Teaching Patients Evidence-Based Interventions That Induce Weight Reduction and Influence Ideas About Eating

2.50
Hdl Handle:
http://hdl.handle.net/10755/150015
Type:
Presentation
Title:
Teaching Patients Evidence-Based Interventions That Induce Weight Reduction and Influence Ideas About Eating
Abstract:
Teaching Patients Evidence-Based Interventions That Induce Weight Reduction and Influence Ideas About Eating
Conference Sponsor:Sigma Theta Tau International
Conference Year:2005
Author:Gardner, Elaine A., PhD, RN
P.I. Institution Name:University of Arkansas for Medical Sciences
Title:Assistant Professor
Obesity is a growing public health problem. In the United States, nearly two-thirds of adults are overweight and nearly one-third are obese. As little as 7% to 10% weight loss can produce significant positive changes in blood pressure, lipids, glucose, and insulin levels. The role of nurses is to assist patients in understanding their health and make changes for improvement. This presentation describes evidence-based tools the nurse can use to assess, plan, and intervene with patients who need to lose weight. In the assessment phase of the intervention a readiness to change eating behaviors and exercise habits is essential. The nurse and patient plan what is to be done in relation to the weight to be lost and a past history of weight loss. A weight loss goal and contract organizes the plan for the patient. Social support is necessary as the patient proceeds to lose weight. Behavioral interventions can take on many forms. One is writing down foods consumed and weight lost. Another is to plan meals ahead and know how to read food labels when shopping. Still another is thinking about personal feelings and eating and realizing how and when one eats in relation to life circumstances. Finally, the evaluation of weight loss with relapse plans are necessary as the patient proceeds to reach goals. Nurse support is essential throughout the process.
Repository Posting Date:
26-Oct-2011
Date of Publication:
17-Oct-2011
Sponsors:
Sigma Theta Tau International

Full metadata record

DC FieldValue Language
dc.typePresentationen_GB
dc.titleTeaching Patients Evidence-Based Interventions That Induce Weight Reduction and Influence Ideas About Eatingen_GB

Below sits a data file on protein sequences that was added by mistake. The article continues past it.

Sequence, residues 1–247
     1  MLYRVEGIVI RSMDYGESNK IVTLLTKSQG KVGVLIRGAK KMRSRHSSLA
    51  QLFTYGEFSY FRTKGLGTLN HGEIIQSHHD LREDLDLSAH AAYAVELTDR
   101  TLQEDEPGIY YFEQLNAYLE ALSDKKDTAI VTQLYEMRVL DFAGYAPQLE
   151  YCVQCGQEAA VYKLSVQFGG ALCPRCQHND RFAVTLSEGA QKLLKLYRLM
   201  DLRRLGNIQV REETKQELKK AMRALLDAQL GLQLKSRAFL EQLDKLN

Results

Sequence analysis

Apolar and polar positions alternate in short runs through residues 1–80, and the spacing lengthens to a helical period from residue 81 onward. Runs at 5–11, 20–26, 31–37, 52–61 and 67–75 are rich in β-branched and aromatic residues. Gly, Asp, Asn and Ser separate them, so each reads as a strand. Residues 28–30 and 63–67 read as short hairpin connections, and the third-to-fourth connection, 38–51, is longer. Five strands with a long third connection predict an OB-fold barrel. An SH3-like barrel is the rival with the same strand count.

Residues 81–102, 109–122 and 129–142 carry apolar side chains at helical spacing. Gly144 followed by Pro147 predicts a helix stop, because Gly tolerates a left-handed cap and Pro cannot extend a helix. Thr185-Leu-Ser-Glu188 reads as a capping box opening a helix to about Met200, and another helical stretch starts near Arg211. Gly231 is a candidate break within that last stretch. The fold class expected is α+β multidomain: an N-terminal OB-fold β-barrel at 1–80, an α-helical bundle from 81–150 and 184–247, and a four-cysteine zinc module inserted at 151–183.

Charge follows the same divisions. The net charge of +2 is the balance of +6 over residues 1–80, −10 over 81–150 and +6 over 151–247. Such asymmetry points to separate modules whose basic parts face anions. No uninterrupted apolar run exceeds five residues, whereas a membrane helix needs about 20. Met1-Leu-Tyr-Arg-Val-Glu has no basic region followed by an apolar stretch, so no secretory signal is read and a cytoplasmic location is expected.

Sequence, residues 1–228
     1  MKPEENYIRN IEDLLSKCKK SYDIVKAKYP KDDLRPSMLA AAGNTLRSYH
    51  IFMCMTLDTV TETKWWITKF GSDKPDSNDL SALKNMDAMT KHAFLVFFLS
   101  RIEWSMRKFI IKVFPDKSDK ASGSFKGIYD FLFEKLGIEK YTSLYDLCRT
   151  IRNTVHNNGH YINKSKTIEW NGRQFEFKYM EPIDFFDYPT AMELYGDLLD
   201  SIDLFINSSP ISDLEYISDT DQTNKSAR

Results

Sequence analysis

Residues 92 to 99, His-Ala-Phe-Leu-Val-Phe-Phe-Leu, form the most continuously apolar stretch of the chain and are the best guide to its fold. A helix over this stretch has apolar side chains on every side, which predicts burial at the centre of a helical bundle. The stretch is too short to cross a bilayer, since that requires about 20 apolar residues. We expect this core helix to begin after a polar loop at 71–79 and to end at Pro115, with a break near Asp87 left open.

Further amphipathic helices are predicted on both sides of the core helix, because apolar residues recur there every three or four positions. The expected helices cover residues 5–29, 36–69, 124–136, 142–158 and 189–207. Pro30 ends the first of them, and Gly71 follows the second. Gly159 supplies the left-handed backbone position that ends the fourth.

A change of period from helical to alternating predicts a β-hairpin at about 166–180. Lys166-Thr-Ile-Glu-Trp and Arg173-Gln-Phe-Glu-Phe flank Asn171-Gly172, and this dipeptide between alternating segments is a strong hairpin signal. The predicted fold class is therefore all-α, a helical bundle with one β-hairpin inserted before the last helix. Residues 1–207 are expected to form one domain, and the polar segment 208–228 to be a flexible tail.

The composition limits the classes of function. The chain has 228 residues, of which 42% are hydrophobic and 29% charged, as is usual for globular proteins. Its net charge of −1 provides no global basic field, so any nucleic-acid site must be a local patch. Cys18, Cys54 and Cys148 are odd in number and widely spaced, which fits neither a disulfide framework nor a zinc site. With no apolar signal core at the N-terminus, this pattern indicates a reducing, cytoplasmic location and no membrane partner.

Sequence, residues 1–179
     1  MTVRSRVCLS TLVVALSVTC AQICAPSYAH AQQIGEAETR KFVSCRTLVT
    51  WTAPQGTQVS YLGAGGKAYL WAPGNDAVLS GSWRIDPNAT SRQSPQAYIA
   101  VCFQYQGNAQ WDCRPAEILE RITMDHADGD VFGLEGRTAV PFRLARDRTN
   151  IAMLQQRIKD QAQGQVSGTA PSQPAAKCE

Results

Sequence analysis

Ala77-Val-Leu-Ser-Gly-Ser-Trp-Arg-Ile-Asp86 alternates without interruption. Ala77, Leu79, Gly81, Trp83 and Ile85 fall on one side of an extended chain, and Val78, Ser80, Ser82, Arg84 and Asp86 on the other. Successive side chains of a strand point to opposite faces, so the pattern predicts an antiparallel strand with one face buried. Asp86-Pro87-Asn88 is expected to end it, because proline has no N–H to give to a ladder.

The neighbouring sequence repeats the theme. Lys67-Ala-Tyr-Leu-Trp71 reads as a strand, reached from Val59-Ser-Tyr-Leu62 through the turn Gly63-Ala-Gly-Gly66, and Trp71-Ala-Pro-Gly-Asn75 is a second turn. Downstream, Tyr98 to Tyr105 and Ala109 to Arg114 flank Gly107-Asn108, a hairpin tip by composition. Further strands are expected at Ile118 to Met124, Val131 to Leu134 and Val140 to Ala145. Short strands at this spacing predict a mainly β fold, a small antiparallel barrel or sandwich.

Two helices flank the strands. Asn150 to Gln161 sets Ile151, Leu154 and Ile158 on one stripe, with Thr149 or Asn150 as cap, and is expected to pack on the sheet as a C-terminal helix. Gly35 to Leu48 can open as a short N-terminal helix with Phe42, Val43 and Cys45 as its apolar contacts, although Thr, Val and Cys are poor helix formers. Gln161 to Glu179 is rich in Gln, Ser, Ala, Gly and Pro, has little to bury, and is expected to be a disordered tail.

dc.identifier.urihttp://hdl.handle.net/10755/150015-
dc.description.abstract<table><tr><td colspan="2" class="item-title">Teaching Patients Evidence-Based Interventions That Induce Weight Reduction and Influence Ideas About Eating</td></tr><tr class="item-sponsor"><td class="label">Conference Sponsor:</td><td class="value">Sigma Theta Tau International</td></tr><tr class="item-year"><td class="label">Conference Year:</td><td class="value">2005</td></tr><tr class="item-author"><td class="label">Author:</td><td class="value">Gardner, Elaine A., PhD, RN</td></tr><tr class="item-institute"><td class="label">P.I. Institution Name:</td><td class="value">University of Arkansas for Medical Sciences</td></tr><tr class="item-author-title"><td class="label">Title:</td><td class="value">Assistant Professor</td></tr><tr class="item-email"><td class="label">Email:</td><td class="value">egardner@uams.edu</td></tr><tr><td colspan="2" class="item-abstract">Obesity is a growing public health problem. In the United States, nearly two-thirds of adults are overweight and nearly one-third are obese. As little as 7% to 10% weight loss can produce significant positive changes in blood pressure, lipids, glucose, and insulin levels. The role of nurses is to assist patients in understanding their health and make changes for improvement. This presentation describes evidence-based tools the nurse can use to assess, plan, and intervene with patients who need to lose weight. In the assessment phase of the intervention a readiness to change eating behaviors and exercise habits is essential. The nurse and patient plan what is to be done in relation to the weight to be lost and a past history of weight loss. A weight loss goal and contract organizes the plan for the patient. Social support is necessary as the patient proceeds to lose weight. Behavioral interventions can take on many forms. One is writing down foods consumed and weight lost. Another is to plan meals ahead and know how to read food labels when shopping. Still another is thinking about personal feelings and eating and realizing how and when one eats in relation to life circumstances. Finally, the evaluation of weight loss with relapse plans are necessary as the patient proceeds to reach goals. Nurse support is essential throughout the process.</td></tr></table>en_GB
dc.date.available2011-10-26T10:14:34Z-
dc.date.issued2011-10-17en_GB
dc.date.accessioned2011-10-26T10:14:34Z-
dc.description.sponsorshipSigma Theta Tau Internationalen_GB
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